In accordance with this invention, there is provided a sucker rod well pump base that is readily movable and adjustable. The pump base of this invention comprises at least two spaced apart footing or outrigger members. Each footing member has a plurality of adjustment apertures therein. The pump base also has at least two support members carried by the footing members in spaced apart relation and extending along the long axis of the pump unit to be supported. The support members extend across and rest upon the footing members but are not rigidly connected to the footing members. A plurality of easily removable restraint members are employed to coact between the support members and the adjustment apertures of the footing members. A plurality of spaced apart hold down members are employed along the length of the support members in a manner such that they are not connected to the support members but at the same time are restrained from movement in a direction away from the footing members by abutment of the hold down members against a portion of the support members. Each hold down member carries a tie down member for securing the pump base to the pump unit it supports.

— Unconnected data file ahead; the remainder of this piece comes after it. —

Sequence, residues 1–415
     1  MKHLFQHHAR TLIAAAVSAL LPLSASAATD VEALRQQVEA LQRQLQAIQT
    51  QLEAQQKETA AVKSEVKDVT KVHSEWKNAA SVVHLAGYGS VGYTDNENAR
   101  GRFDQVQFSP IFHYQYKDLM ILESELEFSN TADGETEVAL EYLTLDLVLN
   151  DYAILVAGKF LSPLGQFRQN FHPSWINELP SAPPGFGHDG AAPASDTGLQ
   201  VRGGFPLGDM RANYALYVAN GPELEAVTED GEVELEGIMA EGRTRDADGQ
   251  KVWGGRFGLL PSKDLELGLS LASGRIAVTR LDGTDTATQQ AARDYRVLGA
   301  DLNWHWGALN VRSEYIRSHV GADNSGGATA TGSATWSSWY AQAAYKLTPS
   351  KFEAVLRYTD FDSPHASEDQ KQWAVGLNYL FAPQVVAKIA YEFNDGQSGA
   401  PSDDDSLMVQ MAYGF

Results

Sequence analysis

The footing members can be spaced apart along the length of the support members depending on the length of the pump unit to be supported. The support members can be spaced apart along the length of the footing members depending on the width of the pump unit to be supported. The hold down members can be spaced along the length of the support members so they oppose corresponding hold down means already carried by the pump unit.

Various aspects, objects and advantages of this invention will be apparent to those skilled in the art from this disclosure and the appended claims.

DESCRIPTION OF THE DRAWINGS

FIGS. 1 through 4 show elevations of various well pumping units mounted on conventional concrete bases.

FIG. 5 shows a top view of one embodiment of a base within this invention.

FIG. 6 is a side view of the base of FIG. 5.

FIG. 7 is an end view of the base of FIG. 5.

FIG. 8 is an isometric view of a hold down member of the base of FIG. 5.

FIG. 9 shows a modification of the base of FIG. 9 wherein an extension device for the base of this invention is employed.

FIG. 10 shows an isometric view of the extension device of FIG. 9.

FIG. 11 shows a top view of the base of FIG. 5 with an extension unit added to one end thereof.

FIG. 12 shows one embodiment of a hold down member within this invention which is rigidly securable in a removable manner to the support members to provide a fixed support for any part of the pump unit which is narrower than the spacing between the support members.

FIG. 13 is an end view of the hold down member of FIG. 12.

FIG. 14 is yet another embodiment of a rigidly securable hold down member within this invention as secured within a pair of support members.